PARIS – A journalist for French daily Liberation and her Iraqi interpreter have gone missing from Baghdad, the newspaper and officials said just weeks after two other French reporters were freed following four months as hostages.
Liberation said Thursday it has not heard from Florence Aubenas (search), who usually checks in at least twice a day, for over 24 hours. French, Iraqi and U.S. authorities have been alerted, the newspaper said. French authorities in Iraq are searching hospitals and elsewhere, officials said.
"We're devastated," said Francois Sergent, head of the daily's foreign service.
He said they were clinging to the hope that she may have been detained by U.S. or Iraqi forces.
"We are waiting, with a little hope," he said.
Aubenas, 43, and her interpreter Hussein Hanoun al-Saadi "haven't been seen since they left their hotel in Baghdad Wednesday morning," Liberation said on its Web site.
The Foreign Ministry said French authorities in Baghdad and in Paris have made "all efforts" to find them since Liberation gave word they were missing.
When Aubenas did not check in Wednesday, "we called the hotel when we started to worry," said Sergent. Staff there told them they saw the two leave, he said. Calls to their mobile phones are not going through, he added.
Her disappearance comes less than three weeks after reporters Georges Malbrunot (search) and Christian Chesnot (search) were freed following four months in the hands of militants calling themselves the Islamic Army in Iraq.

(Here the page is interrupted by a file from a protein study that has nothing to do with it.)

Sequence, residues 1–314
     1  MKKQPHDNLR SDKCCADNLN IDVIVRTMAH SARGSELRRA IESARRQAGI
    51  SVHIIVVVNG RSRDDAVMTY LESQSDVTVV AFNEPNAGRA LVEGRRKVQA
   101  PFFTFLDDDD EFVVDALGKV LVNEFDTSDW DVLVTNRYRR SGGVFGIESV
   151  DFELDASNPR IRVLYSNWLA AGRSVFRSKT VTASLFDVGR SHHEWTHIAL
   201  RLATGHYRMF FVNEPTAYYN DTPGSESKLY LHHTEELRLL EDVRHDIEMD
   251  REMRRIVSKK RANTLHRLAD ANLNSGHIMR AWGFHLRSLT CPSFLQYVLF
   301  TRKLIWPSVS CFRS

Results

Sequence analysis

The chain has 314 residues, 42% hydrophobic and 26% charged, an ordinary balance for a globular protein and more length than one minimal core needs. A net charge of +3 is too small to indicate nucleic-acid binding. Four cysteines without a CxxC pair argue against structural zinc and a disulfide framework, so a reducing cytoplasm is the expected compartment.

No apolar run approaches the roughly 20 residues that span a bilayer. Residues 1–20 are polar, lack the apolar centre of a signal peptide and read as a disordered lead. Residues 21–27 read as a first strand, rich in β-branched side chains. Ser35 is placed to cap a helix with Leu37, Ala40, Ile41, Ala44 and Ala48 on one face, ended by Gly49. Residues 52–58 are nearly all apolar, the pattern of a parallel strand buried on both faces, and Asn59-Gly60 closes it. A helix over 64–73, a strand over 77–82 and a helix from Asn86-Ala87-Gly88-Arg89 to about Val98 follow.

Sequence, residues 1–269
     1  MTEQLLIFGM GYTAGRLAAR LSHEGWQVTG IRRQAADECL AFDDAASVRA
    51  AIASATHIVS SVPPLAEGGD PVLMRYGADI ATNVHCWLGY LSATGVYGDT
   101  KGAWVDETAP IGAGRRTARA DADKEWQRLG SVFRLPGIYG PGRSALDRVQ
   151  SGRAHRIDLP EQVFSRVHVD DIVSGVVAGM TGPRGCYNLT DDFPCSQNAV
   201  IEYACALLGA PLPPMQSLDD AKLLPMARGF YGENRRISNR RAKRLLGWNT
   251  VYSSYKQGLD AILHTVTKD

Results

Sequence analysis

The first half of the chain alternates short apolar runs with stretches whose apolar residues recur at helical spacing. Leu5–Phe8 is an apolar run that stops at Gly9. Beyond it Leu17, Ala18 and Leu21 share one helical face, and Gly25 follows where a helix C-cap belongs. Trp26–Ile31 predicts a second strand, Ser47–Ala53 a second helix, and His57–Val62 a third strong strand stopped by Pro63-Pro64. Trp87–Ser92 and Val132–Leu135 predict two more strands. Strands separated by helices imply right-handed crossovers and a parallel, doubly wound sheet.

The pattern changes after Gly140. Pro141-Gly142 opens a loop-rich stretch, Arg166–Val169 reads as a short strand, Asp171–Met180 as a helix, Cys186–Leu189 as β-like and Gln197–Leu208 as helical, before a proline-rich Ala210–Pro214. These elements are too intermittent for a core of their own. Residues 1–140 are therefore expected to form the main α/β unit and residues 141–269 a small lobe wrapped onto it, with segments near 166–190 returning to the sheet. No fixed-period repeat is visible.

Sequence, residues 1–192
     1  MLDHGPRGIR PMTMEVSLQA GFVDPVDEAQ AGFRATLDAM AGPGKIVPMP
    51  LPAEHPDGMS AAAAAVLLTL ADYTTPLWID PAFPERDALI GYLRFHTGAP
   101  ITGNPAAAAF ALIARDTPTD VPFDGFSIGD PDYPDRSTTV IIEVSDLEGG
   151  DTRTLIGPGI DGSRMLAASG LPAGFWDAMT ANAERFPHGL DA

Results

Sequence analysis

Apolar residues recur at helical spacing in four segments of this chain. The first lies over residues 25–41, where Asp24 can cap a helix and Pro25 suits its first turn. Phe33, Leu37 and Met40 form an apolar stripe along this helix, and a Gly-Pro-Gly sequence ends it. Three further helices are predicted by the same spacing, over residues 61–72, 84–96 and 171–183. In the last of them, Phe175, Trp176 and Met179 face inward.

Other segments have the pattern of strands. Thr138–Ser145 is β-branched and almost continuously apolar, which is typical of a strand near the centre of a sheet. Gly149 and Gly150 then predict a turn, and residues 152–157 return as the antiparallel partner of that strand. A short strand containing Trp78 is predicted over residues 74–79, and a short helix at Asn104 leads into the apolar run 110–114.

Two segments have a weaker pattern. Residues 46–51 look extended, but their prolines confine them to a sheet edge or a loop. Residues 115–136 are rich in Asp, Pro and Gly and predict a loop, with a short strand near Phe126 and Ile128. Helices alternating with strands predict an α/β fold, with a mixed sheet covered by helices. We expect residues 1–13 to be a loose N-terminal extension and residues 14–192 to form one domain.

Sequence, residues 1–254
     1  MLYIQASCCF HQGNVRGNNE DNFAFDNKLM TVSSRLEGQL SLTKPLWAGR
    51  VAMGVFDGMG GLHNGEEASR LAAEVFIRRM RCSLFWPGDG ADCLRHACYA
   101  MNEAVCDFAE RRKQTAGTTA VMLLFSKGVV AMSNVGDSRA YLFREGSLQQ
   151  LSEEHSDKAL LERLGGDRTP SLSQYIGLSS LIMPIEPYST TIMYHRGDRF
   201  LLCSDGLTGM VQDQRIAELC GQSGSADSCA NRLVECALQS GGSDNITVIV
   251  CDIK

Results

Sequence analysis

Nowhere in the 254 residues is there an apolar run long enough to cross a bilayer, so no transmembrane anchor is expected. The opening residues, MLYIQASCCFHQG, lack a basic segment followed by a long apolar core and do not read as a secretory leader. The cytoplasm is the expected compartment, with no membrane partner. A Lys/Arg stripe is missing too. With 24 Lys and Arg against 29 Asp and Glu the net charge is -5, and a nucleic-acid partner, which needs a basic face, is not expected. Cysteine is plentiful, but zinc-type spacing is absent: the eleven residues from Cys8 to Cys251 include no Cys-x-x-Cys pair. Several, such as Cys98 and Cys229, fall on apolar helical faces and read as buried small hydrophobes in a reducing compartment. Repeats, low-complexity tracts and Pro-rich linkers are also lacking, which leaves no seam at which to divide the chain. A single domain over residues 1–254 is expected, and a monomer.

They were flown home to a hero's welcome Dec. 22. They said part of their survival strategy was to dissociate themselves from the United States, and repeatedly remind their captors that they were French and that France opposed the U.S.-led war in Iraq.
Aubenas, who also is French, has worked for Liberation since 1986 and has covered Kosovo, Algeria, Rwanda, and Afghanistan. She had been in Baghdad since Dec. 16 — before Malbrunot and Chesnot were freed — on what was her second trip to Iraq, said Sergent.
"She is tough and very experienced," he said.
While maintaining a presence in Baghdad, Liberation's reporters no longer travel outside of the Iraqi capital because of attacks and the risk of kidnappings, he added.
Aubenas was working on stories about women candidates in Iraq's Jan. 30 elections and was seeking to meet refugees from Fallujah, the main guerrilla stronghold that U.S.-Iraqi forces invaded in November, said Liberation's chairman, Serge July.
Although Iraq is dangerous for reporters, "We believe that there is an electoral process underway and that it is difficult not to cover it," he told LCI television.
The Foreign Ministry reiterated that it advises against travel to Iraq, including for reporters.
Government officials speaking on condition of anonymity said Aubenas may have been kidnapped, wounded, killed or arrested in error by U.S. or Iraqi forces.
Al-Saadi has been working with Liberation's reporters for more than two years. He called his wife late Wednesday morning but since then "we have had no news," said July.
"Naturally, I'm worried," he said. "According to our security norms, never — barring absolutely exceptional circumstances — does someone not give word."